Cameras are associated with sight. Makes sense, really. But maker Diego Trujillo Pisanty has had other ideas, using a Raspberry Pi to build a blind camera.
Not a camera to help the blind, to be clear, but one that is – at least when it comes to visual sensors – blind. Instead of a lens, it captures sound to make a guess at the surroundings.
The camera is built around the Raspberry Pi 3B, and can also be constructed using the Pi 4. For hackers contemplating having a go, the 3D printing guides are on Diego Trujillo Pisanty's site, and you'll require the Tensorflow system.
The project is designed to be as much like a point-and-shoot camera as possible, but produce images from sound. Point the horn, press the button, wait while it is processing, then look at the image. There is a small LCD in the body.
It works using AI training, which explains why the images it captures are in color – this isn't just an echolocation system. It also, very deliberately, makes a point about the way AI is trained, as well as the advantages to an artist of developing their own AI to focus on artistic intent. Diego says "The code is as much an artwork as the object and its resulting images."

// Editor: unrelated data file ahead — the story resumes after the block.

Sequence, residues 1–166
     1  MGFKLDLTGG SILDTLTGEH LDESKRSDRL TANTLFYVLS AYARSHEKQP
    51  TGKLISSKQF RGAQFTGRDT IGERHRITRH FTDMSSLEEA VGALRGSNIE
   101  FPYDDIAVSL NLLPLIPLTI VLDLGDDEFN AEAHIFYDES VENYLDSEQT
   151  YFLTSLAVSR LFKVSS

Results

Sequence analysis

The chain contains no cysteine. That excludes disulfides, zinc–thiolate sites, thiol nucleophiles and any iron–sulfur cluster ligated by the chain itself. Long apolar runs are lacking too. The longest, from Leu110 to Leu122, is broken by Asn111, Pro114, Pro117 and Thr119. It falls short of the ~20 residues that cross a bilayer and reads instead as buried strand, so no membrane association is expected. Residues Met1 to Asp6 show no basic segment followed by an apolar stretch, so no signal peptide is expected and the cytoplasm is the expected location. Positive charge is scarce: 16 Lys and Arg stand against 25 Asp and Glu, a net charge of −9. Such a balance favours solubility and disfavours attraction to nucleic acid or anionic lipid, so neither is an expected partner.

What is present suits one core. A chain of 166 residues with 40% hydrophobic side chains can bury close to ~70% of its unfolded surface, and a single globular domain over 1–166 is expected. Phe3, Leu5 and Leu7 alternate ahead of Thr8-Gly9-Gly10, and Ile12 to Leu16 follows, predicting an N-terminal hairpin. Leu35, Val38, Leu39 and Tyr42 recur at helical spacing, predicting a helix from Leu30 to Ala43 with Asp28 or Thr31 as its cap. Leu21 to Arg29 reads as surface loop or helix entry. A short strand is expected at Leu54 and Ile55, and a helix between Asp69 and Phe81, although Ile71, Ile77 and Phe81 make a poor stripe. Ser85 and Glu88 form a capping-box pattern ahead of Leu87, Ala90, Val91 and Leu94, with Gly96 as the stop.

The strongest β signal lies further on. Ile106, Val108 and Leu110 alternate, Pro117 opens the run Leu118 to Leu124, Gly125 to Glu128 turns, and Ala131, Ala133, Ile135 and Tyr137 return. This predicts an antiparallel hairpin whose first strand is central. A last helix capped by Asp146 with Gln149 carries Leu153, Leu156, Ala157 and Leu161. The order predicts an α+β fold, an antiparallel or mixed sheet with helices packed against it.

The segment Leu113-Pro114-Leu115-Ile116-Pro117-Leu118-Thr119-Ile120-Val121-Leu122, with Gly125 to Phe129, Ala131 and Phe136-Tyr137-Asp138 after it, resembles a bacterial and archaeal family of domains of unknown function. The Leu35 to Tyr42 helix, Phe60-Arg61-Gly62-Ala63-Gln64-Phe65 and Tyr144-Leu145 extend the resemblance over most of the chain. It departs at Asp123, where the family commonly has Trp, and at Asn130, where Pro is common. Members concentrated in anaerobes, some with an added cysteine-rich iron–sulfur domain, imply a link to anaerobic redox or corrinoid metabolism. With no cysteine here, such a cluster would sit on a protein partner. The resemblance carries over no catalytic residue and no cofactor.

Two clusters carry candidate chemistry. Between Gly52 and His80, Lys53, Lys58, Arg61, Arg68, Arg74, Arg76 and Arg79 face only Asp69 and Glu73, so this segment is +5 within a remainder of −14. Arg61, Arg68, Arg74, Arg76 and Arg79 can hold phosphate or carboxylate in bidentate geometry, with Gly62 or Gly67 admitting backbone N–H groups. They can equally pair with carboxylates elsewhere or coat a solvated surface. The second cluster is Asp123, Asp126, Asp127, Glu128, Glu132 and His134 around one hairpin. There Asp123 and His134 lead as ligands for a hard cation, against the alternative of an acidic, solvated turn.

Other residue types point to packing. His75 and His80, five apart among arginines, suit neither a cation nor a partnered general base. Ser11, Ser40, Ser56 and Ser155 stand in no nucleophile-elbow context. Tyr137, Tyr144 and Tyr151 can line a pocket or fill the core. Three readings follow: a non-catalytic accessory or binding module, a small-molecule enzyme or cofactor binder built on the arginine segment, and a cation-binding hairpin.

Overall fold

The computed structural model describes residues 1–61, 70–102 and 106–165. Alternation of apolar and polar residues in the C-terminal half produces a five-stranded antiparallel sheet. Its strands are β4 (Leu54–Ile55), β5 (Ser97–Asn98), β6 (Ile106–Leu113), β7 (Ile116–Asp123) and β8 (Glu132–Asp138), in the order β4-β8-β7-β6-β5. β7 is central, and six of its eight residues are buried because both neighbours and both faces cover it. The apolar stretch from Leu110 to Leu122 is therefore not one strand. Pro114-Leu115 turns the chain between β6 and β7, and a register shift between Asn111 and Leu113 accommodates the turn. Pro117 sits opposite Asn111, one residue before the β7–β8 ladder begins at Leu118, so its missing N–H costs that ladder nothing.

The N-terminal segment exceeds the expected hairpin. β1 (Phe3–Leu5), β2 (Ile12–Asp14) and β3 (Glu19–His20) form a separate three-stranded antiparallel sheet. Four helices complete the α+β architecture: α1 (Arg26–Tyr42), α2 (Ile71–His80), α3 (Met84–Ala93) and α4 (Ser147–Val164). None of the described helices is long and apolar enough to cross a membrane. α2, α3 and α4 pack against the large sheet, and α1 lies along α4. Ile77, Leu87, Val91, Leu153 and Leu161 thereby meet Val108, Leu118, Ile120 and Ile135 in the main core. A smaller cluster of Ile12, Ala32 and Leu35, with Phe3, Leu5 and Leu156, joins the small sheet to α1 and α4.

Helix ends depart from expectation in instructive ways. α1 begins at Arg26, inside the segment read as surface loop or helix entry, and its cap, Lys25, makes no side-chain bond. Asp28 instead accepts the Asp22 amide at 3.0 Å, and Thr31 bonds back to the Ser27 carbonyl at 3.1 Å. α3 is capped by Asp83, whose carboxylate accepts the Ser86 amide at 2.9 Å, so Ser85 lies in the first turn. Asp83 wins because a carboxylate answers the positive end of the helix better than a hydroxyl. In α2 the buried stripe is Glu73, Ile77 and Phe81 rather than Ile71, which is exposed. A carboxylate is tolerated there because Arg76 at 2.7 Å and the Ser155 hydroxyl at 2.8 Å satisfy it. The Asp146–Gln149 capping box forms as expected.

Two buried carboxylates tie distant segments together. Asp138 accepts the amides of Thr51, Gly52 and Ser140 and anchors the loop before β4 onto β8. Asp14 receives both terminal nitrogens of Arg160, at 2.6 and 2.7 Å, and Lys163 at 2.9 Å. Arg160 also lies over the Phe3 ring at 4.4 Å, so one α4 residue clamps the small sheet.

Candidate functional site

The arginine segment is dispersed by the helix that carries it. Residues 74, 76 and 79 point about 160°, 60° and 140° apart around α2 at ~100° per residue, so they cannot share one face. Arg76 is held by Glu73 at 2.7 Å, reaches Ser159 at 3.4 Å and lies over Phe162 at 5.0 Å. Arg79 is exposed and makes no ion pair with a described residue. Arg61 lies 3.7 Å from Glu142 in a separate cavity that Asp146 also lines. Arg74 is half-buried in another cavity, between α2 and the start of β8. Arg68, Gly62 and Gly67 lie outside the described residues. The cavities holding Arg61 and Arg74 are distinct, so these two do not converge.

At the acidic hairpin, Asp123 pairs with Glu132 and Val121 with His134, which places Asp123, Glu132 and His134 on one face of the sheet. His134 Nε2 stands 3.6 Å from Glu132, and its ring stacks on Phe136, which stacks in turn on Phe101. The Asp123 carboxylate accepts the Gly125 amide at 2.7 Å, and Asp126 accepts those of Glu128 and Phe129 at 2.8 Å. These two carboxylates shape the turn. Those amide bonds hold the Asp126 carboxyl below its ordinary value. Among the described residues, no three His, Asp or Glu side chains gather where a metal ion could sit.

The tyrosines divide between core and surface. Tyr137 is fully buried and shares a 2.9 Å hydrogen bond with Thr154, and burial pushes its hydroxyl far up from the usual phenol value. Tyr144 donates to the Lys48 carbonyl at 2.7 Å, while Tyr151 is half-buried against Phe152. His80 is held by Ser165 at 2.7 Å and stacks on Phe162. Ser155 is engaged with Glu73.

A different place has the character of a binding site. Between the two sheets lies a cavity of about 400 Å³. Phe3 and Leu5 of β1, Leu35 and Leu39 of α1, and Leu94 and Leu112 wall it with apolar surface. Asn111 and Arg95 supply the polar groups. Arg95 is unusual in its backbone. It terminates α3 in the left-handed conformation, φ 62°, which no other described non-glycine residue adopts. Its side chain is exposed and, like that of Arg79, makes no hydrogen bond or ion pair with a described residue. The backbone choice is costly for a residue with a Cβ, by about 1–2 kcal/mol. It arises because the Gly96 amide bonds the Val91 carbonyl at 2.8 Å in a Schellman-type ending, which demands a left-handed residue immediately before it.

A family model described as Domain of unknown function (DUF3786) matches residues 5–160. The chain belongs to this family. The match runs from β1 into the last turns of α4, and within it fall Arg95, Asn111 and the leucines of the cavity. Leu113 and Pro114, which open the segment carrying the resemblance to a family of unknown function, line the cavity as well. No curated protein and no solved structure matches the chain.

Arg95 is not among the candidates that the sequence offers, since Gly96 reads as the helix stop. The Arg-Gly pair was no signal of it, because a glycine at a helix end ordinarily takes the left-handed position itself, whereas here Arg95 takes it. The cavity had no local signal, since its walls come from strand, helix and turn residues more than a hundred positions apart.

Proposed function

As Diego Trujillo Pisanty goes on to explain, there is a lesson about the Artificial Neural Network (ANN) which might be a warning to us all. His ANN was trained on the sights and sounds of Mexico City, and it is intentionally biased toward the city it 'knows.' If you take the 'Camera' out of the city, it will create images that look like the Mexico City.
"For the device, everything is a city," he says. The worry, too, about the potential sterilizing effect that places where AI investment is higher will have on the rest of the world's culture is all too clear.
If you're looking for other Raspberry Pi camera projects, we recently reported on a Pi analog camera conversion project, so do check that out too.